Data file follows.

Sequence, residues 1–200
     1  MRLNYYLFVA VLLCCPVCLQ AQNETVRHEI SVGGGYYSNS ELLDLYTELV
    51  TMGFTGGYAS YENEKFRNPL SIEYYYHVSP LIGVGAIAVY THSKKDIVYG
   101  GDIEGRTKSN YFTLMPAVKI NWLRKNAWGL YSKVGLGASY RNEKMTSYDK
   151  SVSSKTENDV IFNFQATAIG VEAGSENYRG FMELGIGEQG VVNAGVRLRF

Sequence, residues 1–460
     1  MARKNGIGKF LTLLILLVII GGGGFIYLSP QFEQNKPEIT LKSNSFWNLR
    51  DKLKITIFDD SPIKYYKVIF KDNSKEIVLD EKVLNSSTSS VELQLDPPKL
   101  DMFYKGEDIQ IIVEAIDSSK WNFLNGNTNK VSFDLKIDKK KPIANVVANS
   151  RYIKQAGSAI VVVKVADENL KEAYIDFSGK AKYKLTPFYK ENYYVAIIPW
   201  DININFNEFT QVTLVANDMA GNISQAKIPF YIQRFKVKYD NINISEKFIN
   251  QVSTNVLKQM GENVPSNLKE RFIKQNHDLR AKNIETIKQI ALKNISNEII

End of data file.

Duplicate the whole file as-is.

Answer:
Sequence, residues 1–200
     1  MRLNYYLFVA VLLCCPVCLQ AQNETVRHEI SVGGGYYSNS ELLDLYTELV
    51  TMGFTGGYAS YENEKFRNPL SIEYYYHVSP LIGVGAIAVY THSKKDIVYG
   101  GDIEGRTKSN YFTLMPAVKI NWLRKNAWGL YSKVGLGASY RNEKMTSYDK
   151  SVSSKTENDV IFNFQATAIG VEAGSENYRG FMELGIGEQG VVNAGVRLRF

Sequence, residues 1–460
     1  MARKNGIGKF LTLLILLVII GGGGFIYLSP QFEQNKPEIT LKSNSFWNLR
    51  DKLKITIFDD SPIKYYKVIF KDNSKEIVLD EKVLNSSTSS VELQLDPPKL
   101  DMFYKGEDIQ IIVEAIDSSK WNFLNGNTNK VSFDLKIDKK KPIANVVANS
   151  RYIKQAGSAI VVVKVADENL KEAYIDFSGK AKYKLTPFYK ENYYVAIIPW
   201  DININFNEFT QVTLVANDMA GNISQAKIPF YIQRFKVKYD NINISEKFIN
   251  QVSTNVLKQM GENVPSNLKE RFIKQNHDLR AKNIETIKQI ALKNISNEII